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Re: [PATCH] Provide inlining context in strict-overflow warnings


On 05/14/2014 11:34 AM, Richard Biener wrote:
On Tue, May 13, 2014 at 9:27 PM, Florian Weimer <fweimer@redhat.com> wrote:
Patterns that trigger the optimization and warning can form after inlining,
and it can be rather difficult to figure out what exactly is causing the
warning.  The inlining context at least provides additional hints, enabling
developers to substitute the arguments and discover what, precisely, is
happening.

More context is provided with -g than without, but I think this is
acceptable.

I bootstrapped and tested the attached patch on x86_64-redhat-linux-gnu,
with no new regressions.

I think that your block walking code is bogus in that it looks at
only BLOCK_SOURCE_LOCATION, exposing an implementation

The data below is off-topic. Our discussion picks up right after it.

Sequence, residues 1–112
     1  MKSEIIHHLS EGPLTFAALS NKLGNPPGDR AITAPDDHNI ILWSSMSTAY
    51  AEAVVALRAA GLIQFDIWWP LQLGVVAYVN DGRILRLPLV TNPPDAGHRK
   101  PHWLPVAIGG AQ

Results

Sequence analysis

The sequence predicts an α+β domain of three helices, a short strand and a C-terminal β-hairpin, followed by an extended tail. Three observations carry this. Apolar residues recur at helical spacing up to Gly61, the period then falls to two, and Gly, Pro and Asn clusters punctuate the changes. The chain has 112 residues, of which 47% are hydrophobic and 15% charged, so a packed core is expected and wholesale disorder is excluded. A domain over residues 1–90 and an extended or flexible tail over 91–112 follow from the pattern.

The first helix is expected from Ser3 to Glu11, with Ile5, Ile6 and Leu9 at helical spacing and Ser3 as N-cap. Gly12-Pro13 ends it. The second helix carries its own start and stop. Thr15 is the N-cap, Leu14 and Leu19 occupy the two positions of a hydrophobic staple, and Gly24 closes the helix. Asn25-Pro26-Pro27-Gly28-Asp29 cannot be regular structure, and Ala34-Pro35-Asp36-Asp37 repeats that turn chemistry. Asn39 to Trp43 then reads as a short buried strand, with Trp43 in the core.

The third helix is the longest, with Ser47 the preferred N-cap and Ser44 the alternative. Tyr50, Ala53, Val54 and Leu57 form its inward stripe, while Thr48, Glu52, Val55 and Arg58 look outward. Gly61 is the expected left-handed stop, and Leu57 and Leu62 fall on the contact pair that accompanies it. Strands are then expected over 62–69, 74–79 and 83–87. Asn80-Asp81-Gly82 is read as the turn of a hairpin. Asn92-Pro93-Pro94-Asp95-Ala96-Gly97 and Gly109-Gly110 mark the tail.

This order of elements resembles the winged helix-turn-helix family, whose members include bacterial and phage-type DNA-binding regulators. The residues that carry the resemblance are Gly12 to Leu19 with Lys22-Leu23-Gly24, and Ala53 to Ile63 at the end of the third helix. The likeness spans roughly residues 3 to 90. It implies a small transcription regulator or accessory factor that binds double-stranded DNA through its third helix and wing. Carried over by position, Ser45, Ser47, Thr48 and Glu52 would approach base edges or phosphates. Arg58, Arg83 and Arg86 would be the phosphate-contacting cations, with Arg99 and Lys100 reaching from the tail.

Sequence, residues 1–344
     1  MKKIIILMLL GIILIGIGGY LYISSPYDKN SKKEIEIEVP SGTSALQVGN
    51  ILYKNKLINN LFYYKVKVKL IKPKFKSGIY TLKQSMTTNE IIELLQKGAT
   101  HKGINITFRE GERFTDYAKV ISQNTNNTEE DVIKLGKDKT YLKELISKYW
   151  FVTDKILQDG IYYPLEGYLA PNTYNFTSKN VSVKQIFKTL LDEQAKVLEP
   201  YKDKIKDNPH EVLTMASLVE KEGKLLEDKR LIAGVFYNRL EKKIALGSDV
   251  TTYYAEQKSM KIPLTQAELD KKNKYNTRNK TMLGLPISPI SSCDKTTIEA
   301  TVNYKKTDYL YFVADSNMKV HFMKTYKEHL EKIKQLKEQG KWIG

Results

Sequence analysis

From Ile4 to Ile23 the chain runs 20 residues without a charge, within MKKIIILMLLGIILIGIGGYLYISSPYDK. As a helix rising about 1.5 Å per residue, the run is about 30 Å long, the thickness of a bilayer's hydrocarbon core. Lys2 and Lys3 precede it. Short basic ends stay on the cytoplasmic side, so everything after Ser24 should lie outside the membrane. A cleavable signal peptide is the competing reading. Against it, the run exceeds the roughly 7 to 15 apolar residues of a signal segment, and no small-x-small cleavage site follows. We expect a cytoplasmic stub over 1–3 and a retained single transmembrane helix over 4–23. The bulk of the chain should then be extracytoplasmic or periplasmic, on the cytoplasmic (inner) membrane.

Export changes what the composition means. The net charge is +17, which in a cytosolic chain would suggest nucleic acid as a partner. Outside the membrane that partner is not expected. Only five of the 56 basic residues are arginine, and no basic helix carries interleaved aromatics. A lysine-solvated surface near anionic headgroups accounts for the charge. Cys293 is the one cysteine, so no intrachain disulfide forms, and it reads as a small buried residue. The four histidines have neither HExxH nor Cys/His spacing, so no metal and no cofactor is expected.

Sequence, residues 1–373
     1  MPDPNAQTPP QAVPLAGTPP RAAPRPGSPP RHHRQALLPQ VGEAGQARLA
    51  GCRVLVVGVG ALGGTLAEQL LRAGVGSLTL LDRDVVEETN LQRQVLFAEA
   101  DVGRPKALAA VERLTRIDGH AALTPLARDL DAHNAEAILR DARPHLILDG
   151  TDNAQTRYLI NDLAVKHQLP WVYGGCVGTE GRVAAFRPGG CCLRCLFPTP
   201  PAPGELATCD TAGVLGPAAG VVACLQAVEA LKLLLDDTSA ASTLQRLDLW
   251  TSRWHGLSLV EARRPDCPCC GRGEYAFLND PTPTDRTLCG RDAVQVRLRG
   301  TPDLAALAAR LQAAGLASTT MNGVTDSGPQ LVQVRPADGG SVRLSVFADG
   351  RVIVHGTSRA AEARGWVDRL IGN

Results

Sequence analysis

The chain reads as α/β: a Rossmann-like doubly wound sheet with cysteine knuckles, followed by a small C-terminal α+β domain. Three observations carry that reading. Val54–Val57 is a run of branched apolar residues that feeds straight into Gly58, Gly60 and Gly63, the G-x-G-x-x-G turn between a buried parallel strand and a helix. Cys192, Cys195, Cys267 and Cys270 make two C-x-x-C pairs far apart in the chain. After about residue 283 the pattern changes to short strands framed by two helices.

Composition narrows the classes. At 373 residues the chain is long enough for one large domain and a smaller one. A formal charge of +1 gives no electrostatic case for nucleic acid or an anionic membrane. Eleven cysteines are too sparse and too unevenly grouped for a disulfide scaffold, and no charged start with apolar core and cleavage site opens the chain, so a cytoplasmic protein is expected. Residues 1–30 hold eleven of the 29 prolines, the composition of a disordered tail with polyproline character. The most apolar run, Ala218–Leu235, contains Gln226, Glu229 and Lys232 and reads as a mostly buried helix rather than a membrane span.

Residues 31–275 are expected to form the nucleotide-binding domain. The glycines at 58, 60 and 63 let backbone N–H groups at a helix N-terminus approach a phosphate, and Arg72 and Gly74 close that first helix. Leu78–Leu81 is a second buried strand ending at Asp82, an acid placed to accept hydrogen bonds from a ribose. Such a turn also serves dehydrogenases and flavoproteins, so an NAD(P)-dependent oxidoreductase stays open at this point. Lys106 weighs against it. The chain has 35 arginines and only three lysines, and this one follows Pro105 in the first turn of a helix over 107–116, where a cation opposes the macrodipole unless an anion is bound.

detail that should be hidden by using inlined_function_outer_scope_p.

Do you mean that I should replace the condition with inlined_function_outer_scope_p (block)? I've made this change.

It also will print an unlimited call stack - isn't that too verbose?

Isn't the call stack limited by inlining parameters? I don't see a good way to prune it. When investigating instances of this warning, you might need all frames. I could add a parameter and set it to some arbitrary default, like 5, and print a warning if the call stack is longer. But I don't know if this is really worth the effort, considering that the warning is somewhat rare to begin with.

--
Florian Weimer / Red Hat Product Security Team


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